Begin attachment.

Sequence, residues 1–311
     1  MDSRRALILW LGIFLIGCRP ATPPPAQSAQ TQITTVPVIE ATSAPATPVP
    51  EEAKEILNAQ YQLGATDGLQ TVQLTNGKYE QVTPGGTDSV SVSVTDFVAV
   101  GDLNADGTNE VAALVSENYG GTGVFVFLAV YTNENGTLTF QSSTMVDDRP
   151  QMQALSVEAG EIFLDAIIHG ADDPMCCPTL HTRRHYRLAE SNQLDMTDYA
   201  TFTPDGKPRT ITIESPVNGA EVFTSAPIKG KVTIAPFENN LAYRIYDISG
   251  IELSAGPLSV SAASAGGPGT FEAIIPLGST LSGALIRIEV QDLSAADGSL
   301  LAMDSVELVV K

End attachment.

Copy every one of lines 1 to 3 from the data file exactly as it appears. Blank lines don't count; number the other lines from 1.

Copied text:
Sequence, residues 1–311
     1  MDSRRALILW LGIFLIGCRP ATPPPAQSAQ TQITTVPVIE ATSAPATPVP
    51  EEAKEILNAQ YQLGATDGLQ TVQLTNGKYE QVTPGGTDSV SVSVTDFVAV